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What should you change about your estate plan during a divorce?

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Nothing is constant in life except for taxes and death, as the saying goes. Like many other Illinois residents, you may have already taken care of your tax and inheritance matters by creating an estate plan. However, what happens if you get a divorce?

As you may already know, it is important to update your will, trust and other estate planning elements if you have a significant life change, such as a marriage, the birth of a child or the wish to add or disinherit someone. A divorce can be especially challenging when it comes to changing your estate plan. Rather than waiting for your divorce to be final, there are numerous things you should do during the divorce process to protect your estate planning interests, explains Forbes. The following are some good examples:

  • Find out what the state requires you to leave your spouse and decide if you want to leave him or her the legal requirement or disinherit your spouse – which can result in an inheritance dispute.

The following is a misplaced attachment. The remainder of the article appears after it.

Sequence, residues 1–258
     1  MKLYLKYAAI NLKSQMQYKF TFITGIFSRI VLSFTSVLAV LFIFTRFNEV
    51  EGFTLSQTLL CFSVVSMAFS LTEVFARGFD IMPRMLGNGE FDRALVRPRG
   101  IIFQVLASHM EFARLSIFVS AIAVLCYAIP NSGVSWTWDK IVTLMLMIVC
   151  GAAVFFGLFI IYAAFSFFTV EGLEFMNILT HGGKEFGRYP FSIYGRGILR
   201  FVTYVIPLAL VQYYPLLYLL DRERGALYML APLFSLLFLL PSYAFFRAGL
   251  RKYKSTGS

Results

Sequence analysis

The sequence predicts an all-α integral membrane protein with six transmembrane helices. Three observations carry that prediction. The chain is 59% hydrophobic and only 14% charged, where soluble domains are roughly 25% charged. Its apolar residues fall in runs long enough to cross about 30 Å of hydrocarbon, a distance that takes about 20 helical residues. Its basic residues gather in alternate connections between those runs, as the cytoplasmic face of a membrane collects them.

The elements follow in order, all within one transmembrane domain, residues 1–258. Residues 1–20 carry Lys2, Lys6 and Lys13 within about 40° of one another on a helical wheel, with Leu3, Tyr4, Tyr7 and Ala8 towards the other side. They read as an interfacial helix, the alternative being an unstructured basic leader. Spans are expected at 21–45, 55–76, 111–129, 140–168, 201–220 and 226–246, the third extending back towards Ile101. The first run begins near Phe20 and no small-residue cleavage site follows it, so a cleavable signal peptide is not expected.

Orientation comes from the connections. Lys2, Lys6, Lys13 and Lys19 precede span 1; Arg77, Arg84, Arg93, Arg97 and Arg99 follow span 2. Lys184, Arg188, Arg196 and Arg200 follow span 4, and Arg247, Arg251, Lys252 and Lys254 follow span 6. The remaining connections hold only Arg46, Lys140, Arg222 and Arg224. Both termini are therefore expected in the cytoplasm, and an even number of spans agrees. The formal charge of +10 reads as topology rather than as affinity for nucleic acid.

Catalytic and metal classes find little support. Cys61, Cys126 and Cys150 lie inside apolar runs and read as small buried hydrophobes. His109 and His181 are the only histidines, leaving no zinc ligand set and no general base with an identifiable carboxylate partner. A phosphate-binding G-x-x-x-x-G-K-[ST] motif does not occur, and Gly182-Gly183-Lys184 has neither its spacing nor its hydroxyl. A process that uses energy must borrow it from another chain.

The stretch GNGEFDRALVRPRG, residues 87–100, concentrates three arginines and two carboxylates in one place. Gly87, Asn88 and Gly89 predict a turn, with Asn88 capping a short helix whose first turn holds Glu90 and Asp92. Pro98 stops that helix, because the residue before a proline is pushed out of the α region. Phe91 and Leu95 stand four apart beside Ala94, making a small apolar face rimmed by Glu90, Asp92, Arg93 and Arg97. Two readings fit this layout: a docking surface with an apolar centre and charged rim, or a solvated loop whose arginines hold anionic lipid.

• You might not want your spouse to represent your health care needs if you are incapacitated, so update your health care proxy.
  • Remove your spouse as the executor of your will.
  • Change your power of attorney so in the event you are incapacitated, your spouse does not have access to assets that belong solely to you.
  • Name an alternate guardian for your children if both you and your spouse die before the divorce is final, since your guardianship choice may be different now.

 You will want to look over your estate plan again after your divorce is final. Since this can be a complex topic, this information is not intended as legal advice.

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